Now this, an unearthed photo of Carrie Fisher in full Princess Leia slavegirl garb catching some rays on the set of "Return of the Jedi" - seemingly on Jabba's barge - next to her stunt double, Tracy Eddon. The photo has been around fleetingly, but reappeared in wider circulation for some reason today. And across the world an entire generation of men who were 13 in 1983 suddenly stopped as if there were a great disturbance in the Force.
Perhaps not as great a disturbance as there was when Fisher finally got her wish to have an interesting costume:
"I remember that iron bikini I wore in Episode VI: what supermodels will eventually wear in the seventh ring of hell."
Just how big a deal was this brass masterpiece? There's an entire Wookipedia page on her barb and at least one Web site dedicate entirely to Fisher's metal bikini, which contains this disclaimer: This website is dedicated to the costume worn by Princess Leia following her capture by the crimelord, Jabba the Hutt, in Star Wars, Episode VI : Return of the Jedi.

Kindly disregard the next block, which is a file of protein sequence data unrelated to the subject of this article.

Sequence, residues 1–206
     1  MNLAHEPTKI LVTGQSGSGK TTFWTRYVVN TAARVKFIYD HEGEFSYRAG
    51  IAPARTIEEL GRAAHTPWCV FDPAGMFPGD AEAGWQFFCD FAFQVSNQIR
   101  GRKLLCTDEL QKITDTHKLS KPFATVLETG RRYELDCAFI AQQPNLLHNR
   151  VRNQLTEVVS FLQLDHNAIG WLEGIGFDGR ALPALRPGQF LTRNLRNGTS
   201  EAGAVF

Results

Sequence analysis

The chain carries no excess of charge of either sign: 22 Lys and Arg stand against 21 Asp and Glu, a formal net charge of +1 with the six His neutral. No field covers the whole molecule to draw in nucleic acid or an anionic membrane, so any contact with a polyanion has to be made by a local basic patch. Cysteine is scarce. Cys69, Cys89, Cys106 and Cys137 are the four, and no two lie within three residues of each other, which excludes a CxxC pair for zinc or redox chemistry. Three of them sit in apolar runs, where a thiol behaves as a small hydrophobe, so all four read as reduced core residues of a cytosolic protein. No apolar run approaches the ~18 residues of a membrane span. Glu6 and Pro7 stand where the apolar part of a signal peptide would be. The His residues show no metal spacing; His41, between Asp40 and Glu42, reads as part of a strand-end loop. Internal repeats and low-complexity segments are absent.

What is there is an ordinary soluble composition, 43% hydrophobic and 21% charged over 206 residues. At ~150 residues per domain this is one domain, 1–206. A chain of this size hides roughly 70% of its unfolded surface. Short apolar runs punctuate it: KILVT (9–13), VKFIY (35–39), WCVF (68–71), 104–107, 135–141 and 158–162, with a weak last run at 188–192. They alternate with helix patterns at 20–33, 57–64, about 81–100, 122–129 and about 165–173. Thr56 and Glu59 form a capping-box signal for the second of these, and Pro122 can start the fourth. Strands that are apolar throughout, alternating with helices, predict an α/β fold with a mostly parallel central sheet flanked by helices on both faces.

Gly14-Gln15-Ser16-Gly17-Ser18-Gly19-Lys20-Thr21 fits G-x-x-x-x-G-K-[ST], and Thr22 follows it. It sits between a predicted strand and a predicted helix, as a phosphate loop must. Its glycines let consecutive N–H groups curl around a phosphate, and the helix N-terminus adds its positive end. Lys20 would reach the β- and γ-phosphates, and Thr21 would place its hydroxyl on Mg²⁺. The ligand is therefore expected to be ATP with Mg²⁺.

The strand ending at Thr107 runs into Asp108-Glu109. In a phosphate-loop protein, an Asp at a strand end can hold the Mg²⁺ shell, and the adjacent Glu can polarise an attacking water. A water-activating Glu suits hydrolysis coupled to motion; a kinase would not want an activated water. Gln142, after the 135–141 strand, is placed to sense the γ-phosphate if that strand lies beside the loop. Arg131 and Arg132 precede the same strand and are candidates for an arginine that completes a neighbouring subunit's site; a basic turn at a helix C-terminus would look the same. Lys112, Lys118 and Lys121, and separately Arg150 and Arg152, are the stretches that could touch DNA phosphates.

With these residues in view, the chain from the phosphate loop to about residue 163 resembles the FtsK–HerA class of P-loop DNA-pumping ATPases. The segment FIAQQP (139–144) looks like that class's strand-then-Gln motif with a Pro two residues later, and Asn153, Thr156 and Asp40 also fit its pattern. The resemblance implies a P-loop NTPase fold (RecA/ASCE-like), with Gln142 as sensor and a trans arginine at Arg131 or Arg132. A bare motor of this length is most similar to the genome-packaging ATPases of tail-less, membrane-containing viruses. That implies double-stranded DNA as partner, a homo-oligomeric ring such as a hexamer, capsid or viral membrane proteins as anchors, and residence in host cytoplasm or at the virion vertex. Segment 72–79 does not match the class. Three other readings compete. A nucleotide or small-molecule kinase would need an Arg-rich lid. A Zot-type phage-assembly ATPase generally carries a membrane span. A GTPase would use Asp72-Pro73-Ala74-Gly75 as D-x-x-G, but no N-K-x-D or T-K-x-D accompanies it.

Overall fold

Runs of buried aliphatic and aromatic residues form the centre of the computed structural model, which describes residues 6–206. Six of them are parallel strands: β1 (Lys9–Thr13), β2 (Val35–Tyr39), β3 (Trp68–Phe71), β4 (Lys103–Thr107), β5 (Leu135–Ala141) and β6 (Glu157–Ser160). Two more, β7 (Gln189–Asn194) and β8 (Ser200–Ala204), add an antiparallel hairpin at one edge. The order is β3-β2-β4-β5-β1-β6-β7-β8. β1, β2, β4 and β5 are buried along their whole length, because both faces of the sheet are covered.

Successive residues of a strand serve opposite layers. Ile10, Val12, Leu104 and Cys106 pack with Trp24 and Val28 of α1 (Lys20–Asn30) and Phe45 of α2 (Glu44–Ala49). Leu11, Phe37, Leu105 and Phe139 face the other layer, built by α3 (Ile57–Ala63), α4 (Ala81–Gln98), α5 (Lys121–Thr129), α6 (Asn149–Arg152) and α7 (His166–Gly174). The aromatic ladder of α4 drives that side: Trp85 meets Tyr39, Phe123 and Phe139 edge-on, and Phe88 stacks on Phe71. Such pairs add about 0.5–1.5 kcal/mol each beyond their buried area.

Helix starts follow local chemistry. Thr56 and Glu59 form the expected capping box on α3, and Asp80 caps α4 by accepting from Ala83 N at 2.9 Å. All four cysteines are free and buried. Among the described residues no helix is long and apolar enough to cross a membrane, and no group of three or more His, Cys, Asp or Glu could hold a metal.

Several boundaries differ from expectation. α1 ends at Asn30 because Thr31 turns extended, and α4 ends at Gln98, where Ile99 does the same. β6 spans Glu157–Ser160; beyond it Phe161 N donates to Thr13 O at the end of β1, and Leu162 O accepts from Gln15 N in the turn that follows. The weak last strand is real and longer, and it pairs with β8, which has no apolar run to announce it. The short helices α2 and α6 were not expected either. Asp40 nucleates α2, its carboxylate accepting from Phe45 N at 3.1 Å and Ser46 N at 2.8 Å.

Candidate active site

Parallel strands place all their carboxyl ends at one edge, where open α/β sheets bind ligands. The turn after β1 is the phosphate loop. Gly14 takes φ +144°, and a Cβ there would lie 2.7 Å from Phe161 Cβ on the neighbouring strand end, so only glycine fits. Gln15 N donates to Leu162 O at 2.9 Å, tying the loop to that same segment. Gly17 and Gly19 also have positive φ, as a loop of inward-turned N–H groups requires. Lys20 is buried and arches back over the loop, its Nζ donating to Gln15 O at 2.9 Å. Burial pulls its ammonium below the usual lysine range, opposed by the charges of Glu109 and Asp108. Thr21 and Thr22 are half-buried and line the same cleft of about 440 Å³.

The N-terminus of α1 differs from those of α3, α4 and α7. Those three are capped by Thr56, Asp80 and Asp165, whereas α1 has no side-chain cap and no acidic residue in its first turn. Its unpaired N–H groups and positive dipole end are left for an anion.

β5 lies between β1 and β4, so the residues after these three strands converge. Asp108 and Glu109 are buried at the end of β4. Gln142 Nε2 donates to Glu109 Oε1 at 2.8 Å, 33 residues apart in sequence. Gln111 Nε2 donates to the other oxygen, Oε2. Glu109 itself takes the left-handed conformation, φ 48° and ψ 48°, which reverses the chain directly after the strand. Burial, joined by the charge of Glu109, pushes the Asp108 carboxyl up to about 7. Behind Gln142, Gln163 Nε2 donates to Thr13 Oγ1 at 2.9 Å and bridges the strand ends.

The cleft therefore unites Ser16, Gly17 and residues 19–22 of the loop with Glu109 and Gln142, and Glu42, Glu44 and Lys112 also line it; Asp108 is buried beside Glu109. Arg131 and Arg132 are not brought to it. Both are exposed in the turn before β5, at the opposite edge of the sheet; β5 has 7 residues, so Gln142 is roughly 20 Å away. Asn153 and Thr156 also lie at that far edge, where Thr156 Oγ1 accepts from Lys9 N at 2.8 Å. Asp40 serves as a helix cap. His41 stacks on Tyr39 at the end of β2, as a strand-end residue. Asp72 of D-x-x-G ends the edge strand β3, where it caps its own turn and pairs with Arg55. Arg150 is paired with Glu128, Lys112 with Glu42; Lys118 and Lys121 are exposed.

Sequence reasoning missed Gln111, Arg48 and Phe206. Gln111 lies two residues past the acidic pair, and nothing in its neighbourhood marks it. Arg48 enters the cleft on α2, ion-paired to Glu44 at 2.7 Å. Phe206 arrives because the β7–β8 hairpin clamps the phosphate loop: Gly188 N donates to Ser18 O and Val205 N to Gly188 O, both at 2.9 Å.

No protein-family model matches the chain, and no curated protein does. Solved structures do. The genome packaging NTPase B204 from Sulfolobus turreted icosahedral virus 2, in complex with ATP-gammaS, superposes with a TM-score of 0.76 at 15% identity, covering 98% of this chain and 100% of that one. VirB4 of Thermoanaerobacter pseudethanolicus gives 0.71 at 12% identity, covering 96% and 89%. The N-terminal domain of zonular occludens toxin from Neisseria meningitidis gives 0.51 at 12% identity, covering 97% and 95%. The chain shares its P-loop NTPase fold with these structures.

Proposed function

There doesn't seem to be a backstory - yet - as to who took it or why it's showing up now. But sometimes it's best to just let the Force work in its own way. And just thank your stars that there was no corresponding Luke-in-a-Speedo moment to match.
In this Oct. 23, 2009, police mug photo provided by the Carroll, Iowa, Police Department, Joey Lee Miller, 20, and Matthew Allan McNelly sport their ingenious disguises used in an alleged apartment burglary attempt. (AP Photo/Carroll Police Department)
If you're searching desperately for a last-second Halloween costume idea, Iowans Joey Miller and Matthew McNelly have come to the rescue. Here's a list of what you'll need to pull together the look:
A look of complete befuddlement (confusion or a generic dazed expression with do in a pinch).
Miller and McNelly were busted last week in Iowa for allegedly trying to break into an apartment - throw a DUI charge in for good measure - prompting local cops to dub the pair "dumb and dumber."
Local police chief Jeff Cayler had some choice comments about the permanent marker criminal minds in an interview with CNN: